Our vehicles have become an essential tool used nearly every day. It’s how we get from place to place, a way to see the world, how we obtain important things such as food, and how we get to and from work. While we would like to believe we are safe in our vehicles, the simple reality is that someday, we may find ourselves with vehicle issues and stuck on the side of the road.
Reasons You May Be Stranded
To keep yourself safe in an emergency, it’s important to think about all the risks and possibilities. We don’t choose when and where we will be stranded, so we can only prepare for a wide range of possibilities and risks that could happen.
Your vehicle is a complex machine with multiple computers controlling the operations. As you hit the pedal, you’re controlling thousands of tiny explosions every second, all the time trusting your tires, suspension components, and a variety of bolts to keep the vehicle traveling down the road.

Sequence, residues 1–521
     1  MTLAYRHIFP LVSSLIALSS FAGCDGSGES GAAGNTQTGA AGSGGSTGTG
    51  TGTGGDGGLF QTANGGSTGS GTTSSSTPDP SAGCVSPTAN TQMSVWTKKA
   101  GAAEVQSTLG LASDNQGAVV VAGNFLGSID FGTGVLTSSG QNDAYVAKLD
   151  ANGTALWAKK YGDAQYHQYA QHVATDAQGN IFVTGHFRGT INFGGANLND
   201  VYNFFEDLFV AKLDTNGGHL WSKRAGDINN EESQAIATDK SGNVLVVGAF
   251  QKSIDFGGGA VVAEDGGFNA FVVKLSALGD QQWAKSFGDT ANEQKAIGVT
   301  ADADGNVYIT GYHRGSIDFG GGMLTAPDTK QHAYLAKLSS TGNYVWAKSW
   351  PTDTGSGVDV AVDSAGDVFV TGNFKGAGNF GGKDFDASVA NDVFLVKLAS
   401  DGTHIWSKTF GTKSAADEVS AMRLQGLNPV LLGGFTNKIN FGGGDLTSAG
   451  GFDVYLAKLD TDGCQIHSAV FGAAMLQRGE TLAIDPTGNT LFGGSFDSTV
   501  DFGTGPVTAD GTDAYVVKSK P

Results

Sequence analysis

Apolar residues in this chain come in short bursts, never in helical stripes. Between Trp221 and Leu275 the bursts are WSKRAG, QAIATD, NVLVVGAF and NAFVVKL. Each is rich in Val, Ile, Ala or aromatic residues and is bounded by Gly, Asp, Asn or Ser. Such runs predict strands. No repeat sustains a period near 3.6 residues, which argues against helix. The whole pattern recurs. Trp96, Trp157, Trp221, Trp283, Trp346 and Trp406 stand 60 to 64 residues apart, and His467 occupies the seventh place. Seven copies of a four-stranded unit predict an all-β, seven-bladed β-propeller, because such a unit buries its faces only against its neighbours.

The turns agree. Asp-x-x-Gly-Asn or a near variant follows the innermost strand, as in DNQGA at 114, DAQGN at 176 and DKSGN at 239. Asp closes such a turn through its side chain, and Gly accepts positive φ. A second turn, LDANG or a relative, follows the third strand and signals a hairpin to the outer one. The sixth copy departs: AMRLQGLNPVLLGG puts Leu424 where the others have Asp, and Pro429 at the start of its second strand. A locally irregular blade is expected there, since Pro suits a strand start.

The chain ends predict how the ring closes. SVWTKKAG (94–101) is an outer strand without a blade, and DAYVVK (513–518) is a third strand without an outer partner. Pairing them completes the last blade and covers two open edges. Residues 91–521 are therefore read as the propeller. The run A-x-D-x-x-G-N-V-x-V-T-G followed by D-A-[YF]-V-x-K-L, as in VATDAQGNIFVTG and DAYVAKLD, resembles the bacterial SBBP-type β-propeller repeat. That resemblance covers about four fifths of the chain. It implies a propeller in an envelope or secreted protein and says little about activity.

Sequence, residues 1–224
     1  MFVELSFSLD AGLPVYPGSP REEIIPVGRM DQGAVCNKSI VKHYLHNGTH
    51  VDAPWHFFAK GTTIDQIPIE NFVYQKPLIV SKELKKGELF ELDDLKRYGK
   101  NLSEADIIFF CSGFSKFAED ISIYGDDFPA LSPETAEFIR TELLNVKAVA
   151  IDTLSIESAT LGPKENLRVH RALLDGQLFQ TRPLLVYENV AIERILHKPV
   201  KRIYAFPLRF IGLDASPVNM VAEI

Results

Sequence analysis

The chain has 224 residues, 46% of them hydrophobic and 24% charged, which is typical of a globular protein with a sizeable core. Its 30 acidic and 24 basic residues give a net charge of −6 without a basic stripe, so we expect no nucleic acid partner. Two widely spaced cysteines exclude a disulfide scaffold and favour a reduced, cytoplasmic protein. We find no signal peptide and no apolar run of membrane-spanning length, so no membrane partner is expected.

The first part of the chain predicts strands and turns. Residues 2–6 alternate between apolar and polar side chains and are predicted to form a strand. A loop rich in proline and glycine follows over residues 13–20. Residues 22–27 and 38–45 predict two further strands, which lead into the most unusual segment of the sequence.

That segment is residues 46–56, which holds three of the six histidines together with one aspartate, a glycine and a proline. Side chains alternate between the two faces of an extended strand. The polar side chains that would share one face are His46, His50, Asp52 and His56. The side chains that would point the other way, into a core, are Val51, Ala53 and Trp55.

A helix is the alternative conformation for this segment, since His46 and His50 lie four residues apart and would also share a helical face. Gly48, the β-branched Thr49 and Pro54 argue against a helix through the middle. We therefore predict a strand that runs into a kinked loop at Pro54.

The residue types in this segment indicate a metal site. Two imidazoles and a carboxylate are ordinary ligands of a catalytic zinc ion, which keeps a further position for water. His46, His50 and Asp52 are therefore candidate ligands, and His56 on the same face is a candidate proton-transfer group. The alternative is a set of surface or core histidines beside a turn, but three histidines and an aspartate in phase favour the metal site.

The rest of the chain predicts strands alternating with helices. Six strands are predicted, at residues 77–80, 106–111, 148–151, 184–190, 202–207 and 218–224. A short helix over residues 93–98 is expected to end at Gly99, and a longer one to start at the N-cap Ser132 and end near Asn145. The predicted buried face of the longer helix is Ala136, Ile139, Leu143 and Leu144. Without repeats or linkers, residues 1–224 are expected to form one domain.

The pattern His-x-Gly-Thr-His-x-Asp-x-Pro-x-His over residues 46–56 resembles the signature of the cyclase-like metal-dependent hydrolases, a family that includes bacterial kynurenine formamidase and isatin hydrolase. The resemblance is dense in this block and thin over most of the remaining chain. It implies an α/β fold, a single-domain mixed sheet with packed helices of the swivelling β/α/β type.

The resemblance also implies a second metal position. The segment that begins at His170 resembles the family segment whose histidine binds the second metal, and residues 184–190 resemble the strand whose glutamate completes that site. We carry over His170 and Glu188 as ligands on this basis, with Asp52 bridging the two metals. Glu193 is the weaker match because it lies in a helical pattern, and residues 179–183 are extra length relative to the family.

This risk and issues grow as a vehicle becomes worn out over time. High mileage vehicles cause components to become tires and brittle, while rust and damage that remains overlooked may cause excess wear and potential issues.
We put a lot of trust in our vehicle, but one failure in this equation could leave us on the side of the road.
While you would like to think you’ll just stay home the next time a big storm rolls through, the reality is that might not become an option.
Some days you may find yourself leaving work as a storm worsens; others, you may realize you’re a bit low on food and hadn’t checked as the warning signs of bad weather approached.
One way or another, you have found yourself on the road in less than ideal conditions, and the worst has happened. Even as safe as you were trying to be, your vehicle pulled off the road, or you were required to stop.
Some days, you just find yourself in need or in a bad situation, and being prepared can help. Many people have gone to a sports or holiday event to find themselves in a car for hours without food, water, or a way to stay warm. Having items on hand can reduce stress and ease the situation.
Where Do I Have Room?
Every vehicle on the road has some sort of storage compartment, and you may think you just don’t have the room to store an emergency kit.